by Shohei Kikuchi, Akinori Wada, Yusuke Kamihara, Kosuke Okazaki, Paras Jawaid, Mati Ur Rehman, Eiji Kobayashi, Takeshi Susukida, Tomoki Minemura, Yoshimi Nabe, Noriaki Iwao, Tatsuhiko Ozawa, Ryo Hatano, Mitsugu Yamada, Hiroyuki Kishi, Yuji Matsuya, Mineyuki Mizuguchi, Yoshihiro Hayakawa, Nam H. Dang, Yasumitsu Sakamoto, Chikao Morimoto and Tsutomu Satoadd Show full author list remove Hide full author list
Cells 2023, 12(7), 1100; https://doi.org/10.3390/cells12071100 - 6 Apr 2023
Viewed by 2465
Abstract
DPP8/9 inhibition induces either pyroptotic or apoptotic cell death in hematological malignancies. We previously reported that treatment with the DPP8/9 inhibitor 1G244 resulted in apoptotic cell death in myeloma, and our current study further evaluates the mechanism of action of 1G244 in different [...] Read more.
DPP8/9 inhibition induces either pyroptotic or apoptotic cell death in hematological malignancies. We previously reported that treatment with the DPP8/9 inhibitor 1G244 resulted in apoptotic cell death in myeloma, and our current study further evaluates the mechanism of action of 1G244 in different blood cancer cell lines. Specifically, 1G244 inhibited DPP9 to induce GSDMD-mediated-pyroptosis at low concentrations and inhibited DPP8 to cause caspase-3-mediated-apoptosis at high concentrations. HCK expression is necessary to induce susceptibility to pyroptosis but does not participate in the induction of apoptosis. To further characterize this DPP8-dependent broad-spectrum apoptosis induction effect, we evaluated the potential antineoplastic role for an analog of 1G244 with higher DPP8 selectivity, tominostat (also known as 12 m). In vitro studies demonstrated that the cytotoxic effect of 1G244 at high concentrations was enhanced in tominostat. Meanwhile, in vivo work showed tominostat exhibited antitumor activity that was more effective on a cell line sensitive to 1G244, and at higher doses, it was also effective on a cell line resistant to 1G244. Importantly, the weight loss morbidity associated with increasing doses of 1G244 was not observed with tominostat. These results suggest the possible development of novel drugs with antineoplastic activity against selected hematological malignancies by refining and increasing the DPP8 selectivity of tominostat. Full article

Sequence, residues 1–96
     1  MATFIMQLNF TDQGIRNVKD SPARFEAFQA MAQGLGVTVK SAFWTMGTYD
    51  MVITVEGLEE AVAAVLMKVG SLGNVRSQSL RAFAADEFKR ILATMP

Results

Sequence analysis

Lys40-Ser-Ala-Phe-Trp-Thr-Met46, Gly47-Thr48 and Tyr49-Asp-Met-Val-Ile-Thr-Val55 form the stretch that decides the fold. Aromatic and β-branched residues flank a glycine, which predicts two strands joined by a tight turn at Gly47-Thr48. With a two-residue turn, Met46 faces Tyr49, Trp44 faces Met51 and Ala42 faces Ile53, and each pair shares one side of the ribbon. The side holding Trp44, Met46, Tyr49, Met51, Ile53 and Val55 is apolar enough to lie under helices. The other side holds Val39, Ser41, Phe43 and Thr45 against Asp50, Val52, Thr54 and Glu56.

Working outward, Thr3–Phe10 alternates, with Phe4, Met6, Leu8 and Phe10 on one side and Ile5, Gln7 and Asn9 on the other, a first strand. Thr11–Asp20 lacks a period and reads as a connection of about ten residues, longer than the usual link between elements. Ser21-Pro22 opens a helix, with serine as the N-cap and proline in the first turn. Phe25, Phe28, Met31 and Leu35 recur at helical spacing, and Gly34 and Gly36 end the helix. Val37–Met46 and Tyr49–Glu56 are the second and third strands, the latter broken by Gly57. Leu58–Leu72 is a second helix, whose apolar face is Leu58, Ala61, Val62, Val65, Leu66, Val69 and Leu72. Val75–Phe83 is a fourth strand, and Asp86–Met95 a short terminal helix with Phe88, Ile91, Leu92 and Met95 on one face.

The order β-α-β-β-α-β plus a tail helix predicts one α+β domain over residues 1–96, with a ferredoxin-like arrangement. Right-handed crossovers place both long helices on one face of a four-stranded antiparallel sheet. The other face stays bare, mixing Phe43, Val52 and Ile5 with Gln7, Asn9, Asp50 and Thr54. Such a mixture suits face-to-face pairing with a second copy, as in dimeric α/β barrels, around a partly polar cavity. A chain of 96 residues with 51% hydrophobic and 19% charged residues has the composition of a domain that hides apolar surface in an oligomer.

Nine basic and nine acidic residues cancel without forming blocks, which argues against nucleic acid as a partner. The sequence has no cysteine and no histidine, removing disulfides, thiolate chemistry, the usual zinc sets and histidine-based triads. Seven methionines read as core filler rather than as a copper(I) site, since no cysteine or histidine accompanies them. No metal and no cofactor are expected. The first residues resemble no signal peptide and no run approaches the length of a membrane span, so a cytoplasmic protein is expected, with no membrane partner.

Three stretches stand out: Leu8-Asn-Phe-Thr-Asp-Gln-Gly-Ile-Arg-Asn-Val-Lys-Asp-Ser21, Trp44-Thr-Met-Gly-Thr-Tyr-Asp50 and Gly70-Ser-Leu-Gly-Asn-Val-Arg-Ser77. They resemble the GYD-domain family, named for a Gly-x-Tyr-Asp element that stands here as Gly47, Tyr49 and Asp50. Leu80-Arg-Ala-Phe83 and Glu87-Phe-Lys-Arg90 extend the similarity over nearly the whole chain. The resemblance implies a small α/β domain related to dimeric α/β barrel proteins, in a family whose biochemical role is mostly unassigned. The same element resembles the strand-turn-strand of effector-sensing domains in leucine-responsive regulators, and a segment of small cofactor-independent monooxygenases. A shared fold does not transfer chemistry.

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Review

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34 pages, 1139 KiB  
Review
Cell Death, by Any Other Name…
by Mustapha Kandouz
Cells 2024, 13(4), 325; https://doi.org/10.3390/cells13040325 - 10 Feb 2024
Viewed by 1284
Abstract
Studies trying to understand cell death, this ultimate biological process, can be traced back to a century ago. Yet, unlike many other fashionable research interests, research on cell death is more alive than ever. New modes of cell death are discovered in specific [...] Read more.
Studies trying to understand cell death, this ultimate biological process, can be traced back to a century ago. Yet, unlike many other fashionable research interests, research on cell death is more alive than ever. New modes of cell death are discovered in specific contexts, as are new molecular pathways. But what is “cell death”, really? This question has not found a definitive answer yet. Nevertheless, part of the answer is irreversibility, whereby cells can no longer recover from stress or injury. Here, we identify the most distinctive features of different modes of cell death, focusing on the executive final stages. In addition to the final stages, these modes can differ in their triggering stimulus, thus referring to the initial stages. Within this framework, we use a few illustrative examples to examine how intercellular communication factors in the demise of cells. First, we discuss the interplay between cell–cell communication and cell death during a few steps in the early development of multicellular organisms. Next, we will discuss this interplay in a fully developed and functional tissue, the gut, which is among the most rapidly renewing tissues in the body and, therefore, makes extensive use of cell death. Furthermore, we will discuss how the balance between cell death and communication is modified during a pathological condition, i.e., colon tumorigenesis, and how it could shed light on resistance to cancer therapy. Finally, we briefly review data on the role of cell–cell communication modes in the propagation of cell death signals and how this has been considered as a potential therapeutic approach. Far from vainly trying to provide a comprehensive review, we launch an invitation to ponder over the significance of cell death diversity and how it provides multiple opportunities for the contribution of various modes of intercellular communication. Full article